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Re: [Scheme-reports] Procedural equivalence: the last debate

John Cowan quoting me:

> > Although some people have suggested that implementations must
> > actually allocate a fresh location every time the lambda is
> > evaluated, they're wrong.
> I don't see how this claim can be made consistent with the plain language
> of R5RS 4.1.4:  "Each procedure created as the result of evaluating a
> lambda expression is (conceptually) tagged with a storage location",
> unless we are to understand that these location tags need not be distinct.

The (conceptual) location tags are certainly distinct.  If you
thought I was arguing otherwise, I wasn't clear.

What I was saying is that the location tags are conceptual, and
need not correspond to allocating actual locations within an
implementation, and do not prevent implementations from merging
procedures that differ only in their (conceptual) location tags.
I believe that was Shiro's concern, and I was trying to reassure

The plain language of the R3RS/R4RS/R5RS/IEEE rationale for eqv?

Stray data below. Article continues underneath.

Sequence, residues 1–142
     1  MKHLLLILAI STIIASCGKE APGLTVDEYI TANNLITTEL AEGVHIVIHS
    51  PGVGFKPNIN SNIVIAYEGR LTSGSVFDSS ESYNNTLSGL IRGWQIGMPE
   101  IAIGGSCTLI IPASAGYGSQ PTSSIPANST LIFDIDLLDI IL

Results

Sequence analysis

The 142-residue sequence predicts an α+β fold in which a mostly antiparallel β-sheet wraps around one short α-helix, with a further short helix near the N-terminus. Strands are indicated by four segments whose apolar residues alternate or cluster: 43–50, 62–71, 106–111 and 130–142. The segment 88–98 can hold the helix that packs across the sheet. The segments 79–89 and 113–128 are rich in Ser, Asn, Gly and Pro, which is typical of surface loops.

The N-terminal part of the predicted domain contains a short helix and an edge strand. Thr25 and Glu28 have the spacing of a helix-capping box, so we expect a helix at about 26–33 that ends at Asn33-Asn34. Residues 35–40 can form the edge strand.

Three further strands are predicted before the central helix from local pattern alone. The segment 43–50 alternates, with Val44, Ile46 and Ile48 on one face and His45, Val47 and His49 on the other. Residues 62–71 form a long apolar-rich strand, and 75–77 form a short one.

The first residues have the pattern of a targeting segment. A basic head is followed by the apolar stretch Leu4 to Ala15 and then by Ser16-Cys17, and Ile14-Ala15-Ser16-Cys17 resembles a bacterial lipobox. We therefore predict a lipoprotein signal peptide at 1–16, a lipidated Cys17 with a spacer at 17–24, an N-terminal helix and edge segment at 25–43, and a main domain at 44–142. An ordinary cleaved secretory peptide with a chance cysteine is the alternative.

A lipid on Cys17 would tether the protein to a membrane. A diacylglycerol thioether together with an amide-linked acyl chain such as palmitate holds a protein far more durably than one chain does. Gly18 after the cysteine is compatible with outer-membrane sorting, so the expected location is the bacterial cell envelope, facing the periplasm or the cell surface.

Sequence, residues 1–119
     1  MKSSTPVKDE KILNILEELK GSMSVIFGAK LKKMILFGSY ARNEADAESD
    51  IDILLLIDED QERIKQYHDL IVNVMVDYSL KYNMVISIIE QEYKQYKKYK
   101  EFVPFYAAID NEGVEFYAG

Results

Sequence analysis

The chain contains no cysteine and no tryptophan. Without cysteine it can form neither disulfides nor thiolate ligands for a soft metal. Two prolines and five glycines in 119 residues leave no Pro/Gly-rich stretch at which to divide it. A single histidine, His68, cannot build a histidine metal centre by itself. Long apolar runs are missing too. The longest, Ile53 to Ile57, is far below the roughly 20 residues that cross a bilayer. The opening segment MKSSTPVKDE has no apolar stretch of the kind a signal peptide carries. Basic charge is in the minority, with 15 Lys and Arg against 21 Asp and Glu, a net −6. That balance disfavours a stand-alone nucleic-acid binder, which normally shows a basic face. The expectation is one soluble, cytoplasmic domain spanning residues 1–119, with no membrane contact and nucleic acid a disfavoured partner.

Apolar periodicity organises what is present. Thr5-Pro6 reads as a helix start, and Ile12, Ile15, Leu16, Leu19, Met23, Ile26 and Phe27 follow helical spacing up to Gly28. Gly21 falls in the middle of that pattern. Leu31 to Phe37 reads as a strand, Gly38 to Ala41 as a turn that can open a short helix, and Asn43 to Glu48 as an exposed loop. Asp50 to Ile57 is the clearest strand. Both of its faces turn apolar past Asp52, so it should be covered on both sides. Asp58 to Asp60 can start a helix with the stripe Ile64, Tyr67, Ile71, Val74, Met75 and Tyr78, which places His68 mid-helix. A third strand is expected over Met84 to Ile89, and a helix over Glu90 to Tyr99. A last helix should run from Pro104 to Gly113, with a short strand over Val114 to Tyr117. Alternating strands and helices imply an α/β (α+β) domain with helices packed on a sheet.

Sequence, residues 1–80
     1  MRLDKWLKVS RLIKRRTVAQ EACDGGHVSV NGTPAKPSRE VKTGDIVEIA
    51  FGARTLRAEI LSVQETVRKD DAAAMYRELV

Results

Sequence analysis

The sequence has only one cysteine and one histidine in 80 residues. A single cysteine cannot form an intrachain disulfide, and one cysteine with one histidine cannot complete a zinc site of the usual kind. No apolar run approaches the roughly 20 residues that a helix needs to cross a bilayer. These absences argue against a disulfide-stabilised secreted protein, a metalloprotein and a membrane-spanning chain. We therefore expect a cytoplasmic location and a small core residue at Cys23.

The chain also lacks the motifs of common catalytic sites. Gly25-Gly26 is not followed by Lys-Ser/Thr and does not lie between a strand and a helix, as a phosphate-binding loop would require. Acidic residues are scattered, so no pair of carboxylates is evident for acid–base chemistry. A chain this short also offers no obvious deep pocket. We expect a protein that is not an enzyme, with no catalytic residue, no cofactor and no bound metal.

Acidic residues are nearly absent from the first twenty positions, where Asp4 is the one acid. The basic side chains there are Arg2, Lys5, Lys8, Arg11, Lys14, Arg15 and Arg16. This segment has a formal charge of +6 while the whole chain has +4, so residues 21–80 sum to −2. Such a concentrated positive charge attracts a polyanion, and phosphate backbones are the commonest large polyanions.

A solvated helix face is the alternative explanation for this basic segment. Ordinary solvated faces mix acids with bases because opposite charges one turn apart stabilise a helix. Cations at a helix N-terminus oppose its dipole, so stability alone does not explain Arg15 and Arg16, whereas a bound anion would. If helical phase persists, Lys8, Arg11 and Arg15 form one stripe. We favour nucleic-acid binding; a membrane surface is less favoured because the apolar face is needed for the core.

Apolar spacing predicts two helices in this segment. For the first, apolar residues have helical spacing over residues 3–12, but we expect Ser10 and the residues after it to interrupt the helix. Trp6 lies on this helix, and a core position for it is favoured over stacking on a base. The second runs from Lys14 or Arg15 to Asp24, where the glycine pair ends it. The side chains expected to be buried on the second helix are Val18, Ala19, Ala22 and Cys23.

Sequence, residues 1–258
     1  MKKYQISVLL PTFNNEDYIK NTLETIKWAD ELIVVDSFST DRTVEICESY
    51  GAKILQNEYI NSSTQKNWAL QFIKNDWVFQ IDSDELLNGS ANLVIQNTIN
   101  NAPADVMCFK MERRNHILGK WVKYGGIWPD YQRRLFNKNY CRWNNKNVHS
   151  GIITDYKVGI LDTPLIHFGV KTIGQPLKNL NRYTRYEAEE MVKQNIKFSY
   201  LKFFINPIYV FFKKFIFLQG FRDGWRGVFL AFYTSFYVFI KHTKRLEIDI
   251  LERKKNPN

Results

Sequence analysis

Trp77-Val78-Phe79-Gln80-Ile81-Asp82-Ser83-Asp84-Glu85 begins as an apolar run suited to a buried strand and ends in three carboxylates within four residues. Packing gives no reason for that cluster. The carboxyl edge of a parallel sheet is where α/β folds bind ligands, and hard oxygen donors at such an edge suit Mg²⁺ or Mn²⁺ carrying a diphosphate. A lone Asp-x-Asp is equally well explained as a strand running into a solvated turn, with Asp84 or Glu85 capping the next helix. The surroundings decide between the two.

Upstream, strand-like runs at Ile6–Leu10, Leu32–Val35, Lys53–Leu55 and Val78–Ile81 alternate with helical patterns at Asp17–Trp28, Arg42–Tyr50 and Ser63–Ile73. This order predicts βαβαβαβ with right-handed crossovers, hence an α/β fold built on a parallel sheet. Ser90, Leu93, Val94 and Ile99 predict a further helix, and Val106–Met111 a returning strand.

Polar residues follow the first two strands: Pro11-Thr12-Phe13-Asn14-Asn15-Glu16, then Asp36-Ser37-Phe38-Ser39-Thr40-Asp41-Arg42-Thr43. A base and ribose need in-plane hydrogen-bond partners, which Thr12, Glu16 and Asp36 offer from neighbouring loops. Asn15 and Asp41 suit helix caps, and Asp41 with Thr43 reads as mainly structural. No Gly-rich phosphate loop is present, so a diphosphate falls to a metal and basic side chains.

also says "implementations are free either to detect or to fail
to detect that two procedures or two literals are equivalent to
each other, and can decide whether or not to merge representations
of equivalent objects by using the same pointer or bit pattern to
represent both."  There is also this example:

    (eqv? (lambda (x) x) (lambda (y) y))  ==>  unspecified

which shows that the (conceptually) distinct location tags of the
two lambda expressions in that example aren't intended to prevent
implementations from merging their results into a single procedure.

> Well, I suppose this means that `eq?` is inlined and `eqv?` is not.

Yes.  Of course, the whole purpose of eq? is to provide a slightly
broken but still useful version of eqv? whose code is small enough
to inline.

> However, a system that breaks down `eqv?` into an inlined `eq?` test
> followed, if the test fails, by an inlined type test and a fallback
> to a non-inlined version of `eqv?` that handles the outside cases
> would presumably show a much smaller difference.

In Larceny/IA32, inlining the type tests for only the most common
safe cases (symbols, booleans, the empty list, pairs) would require
at least 11 machine instructions in addition to the 4 instructions for
a fast call to eqv?.  To justify inlining the type test, you'd have
to argue that the cost of increased instruction cache misses is less
than the benefit of the inlining.

Looking at Larceny's code for eqv? tells me it isn't as fast as it
should be, so the quick-and-dirty benchmark I wrote will probably
show less of a difference in other systems.  The slower the system,
the smaller the relative difference is likely to be.


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